Sternly, the Supreme Court laid out the principles: "We hold petitioner [Equitable Leasing Corp.] liable for the deaths and the injuries complained of, because it was the registered owner of the tractor at the time of the accident on July 17, 1994. The Court has consistently ruled that, regardless of sales made of a motor vehicle, the registered owner is the lawful operator insofar as the public and third persons are concerned; consequently, it is directly and primarily responsible for the consequences of its operation. In contemplation of law, the owner/operator of record is the employer of the driver, the actual operator and employer being considered as merely its agent…even if the registered owner of [the] vehicle does not use it for public service."

As rationale, the high court quoted from the case of Erezo v. Jepte (102 Phil. 103 [1957]) :

The main aim of motor vehicle registration is to identify the owner so that if any accident happens, or that any damage or injury is caused by the vehicle on the public highways, responsibility therefor can be fixed on a definite individual, the registered owner. Instances are numerous where vehicles running on public highways caused accidents or injuries to pedestrians or other vehicles without positive identification of the owner or drivers, or with very scant means of identification. It is to forestall these circumstances, so inconvenient or prejudicial to the public, that the motor vehicle registration is primarily ordained, in the interest of the determination of persons responsible for damages or injuries caused on public highways."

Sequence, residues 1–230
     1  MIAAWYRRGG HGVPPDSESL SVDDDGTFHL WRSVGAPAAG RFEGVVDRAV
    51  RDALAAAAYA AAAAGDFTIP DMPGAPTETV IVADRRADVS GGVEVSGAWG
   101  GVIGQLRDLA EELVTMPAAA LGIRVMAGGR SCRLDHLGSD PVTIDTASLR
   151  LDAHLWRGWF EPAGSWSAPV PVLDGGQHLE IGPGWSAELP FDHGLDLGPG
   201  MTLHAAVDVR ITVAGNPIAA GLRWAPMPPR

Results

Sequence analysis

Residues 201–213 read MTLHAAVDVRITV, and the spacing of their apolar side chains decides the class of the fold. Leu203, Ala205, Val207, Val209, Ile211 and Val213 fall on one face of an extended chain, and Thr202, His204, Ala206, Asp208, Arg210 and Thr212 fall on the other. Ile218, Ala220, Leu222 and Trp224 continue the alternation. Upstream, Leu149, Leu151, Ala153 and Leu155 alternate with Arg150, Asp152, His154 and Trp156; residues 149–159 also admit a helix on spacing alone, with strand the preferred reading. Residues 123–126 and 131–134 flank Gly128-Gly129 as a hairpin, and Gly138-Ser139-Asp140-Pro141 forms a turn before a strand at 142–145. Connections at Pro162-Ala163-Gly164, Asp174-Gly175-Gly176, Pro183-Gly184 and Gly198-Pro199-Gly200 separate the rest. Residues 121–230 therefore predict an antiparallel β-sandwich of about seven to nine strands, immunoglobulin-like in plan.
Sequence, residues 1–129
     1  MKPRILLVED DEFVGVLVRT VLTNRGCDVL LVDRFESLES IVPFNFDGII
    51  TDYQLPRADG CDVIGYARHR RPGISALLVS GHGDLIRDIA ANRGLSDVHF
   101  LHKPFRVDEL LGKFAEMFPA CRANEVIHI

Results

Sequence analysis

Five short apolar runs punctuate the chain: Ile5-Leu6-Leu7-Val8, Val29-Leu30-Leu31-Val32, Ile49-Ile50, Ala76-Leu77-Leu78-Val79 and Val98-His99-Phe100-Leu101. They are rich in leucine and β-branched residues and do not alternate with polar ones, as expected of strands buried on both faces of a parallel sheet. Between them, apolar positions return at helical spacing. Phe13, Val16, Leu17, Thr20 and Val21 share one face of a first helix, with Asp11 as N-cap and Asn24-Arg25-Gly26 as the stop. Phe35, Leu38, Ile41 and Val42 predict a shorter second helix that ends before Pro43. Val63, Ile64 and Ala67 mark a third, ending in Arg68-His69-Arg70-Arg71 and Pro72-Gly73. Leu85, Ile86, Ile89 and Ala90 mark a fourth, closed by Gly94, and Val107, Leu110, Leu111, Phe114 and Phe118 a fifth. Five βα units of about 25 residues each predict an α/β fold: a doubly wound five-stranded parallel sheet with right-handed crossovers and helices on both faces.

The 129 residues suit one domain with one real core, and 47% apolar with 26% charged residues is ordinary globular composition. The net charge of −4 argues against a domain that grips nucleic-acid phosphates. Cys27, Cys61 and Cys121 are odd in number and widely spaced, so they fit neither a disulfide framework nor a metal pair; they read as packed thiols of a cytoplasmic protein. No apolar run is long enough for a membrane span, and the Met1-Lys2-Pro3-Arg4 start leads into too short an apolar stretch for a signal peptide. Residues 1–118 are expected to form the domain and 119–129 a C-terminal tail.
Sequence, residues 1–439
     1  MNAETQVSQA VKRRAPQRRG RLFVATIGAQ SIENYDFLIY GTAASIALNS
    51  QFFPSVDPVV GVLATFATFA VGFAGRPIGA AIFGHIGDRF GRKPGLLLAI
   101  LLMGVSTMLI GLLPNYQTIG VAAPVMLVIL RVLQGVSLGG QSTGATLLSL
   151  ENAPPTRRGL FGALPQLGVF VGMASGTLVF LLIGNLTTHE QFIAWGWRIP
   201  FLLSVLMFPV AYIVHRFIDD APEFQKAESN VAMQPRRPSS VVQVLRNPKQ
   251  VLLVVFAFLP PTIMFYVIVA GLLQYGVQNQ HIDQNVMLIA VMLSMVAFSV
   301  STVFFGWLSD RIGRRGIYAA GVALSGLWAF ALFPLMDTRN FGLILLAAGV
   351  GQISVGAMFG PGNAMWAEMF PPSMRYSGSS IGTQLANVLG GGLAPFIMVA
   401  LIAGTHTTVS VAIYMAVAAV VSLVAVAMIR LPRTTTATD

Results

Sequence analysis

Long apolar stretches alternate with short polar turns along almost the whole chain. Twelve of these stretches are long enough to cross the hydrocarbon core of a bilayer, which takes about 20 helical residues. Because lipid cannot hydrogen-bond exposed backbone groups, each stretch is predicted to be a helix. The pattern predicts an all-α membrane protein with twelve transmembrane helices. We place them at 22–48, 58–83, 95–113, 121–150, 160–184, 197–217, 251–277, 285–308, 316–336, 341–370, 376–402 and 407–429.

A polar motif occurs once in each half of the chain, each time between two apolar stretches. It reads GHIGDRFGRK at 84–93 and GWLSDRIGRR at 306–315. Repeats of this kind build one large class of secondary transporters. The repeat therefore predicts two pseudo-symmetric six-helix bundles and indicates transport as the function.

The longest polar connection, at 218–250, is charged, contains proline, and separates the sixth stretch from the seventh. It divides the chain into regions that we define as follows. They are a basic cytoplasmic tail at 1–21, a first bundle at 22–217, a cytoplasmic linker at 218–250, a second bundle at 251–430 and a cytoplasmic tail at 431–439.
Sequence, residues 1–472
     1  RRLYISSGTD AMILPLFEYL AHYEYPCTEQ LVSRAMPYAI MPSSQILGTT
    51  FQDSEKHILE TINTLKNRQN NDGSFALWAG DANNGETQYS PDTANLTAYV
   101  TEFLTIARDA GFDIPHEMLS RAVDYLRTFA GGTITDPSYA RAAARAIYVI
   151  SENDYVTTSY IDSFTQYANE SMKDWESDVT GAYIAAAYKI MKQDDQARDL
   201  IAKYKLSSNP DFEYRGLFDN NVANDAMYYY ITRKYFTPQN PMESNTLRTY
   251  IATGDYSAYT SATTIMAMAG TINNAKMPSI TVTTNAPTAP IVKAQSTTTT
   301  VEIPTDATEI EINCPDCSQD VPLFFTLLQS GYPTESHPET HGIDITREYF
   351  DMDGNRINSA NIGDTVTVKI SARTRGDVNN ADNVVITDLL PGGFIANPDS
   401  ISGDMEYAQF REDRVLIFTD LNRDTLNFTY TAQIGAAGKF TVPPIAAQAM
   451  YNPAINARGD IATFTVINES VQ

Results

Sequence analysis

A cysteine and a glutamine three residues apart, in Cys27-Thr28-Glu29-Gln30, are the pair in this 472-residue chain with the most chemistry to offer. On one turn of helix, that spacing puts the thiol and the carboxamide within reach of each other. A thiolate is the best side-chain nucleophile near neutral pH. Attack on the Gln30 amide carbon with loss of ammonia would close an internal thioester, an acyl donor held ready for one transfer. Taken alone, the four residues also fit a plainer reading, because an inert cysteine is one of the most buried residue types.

It is thus clear that registration, whether it be for motor vehicles or for land or any other property required to be in a public register, operates as no more than a neutral notice to the whole world. On the one hand, it tells the world which owner to respect. On the other, it tells the world which bastard to sue. It is thus in the interest of the buyer as much as it is in the interest of the seller to make sure that the transfer of ownership from the latter to the former is recorded as expeditiously as possible.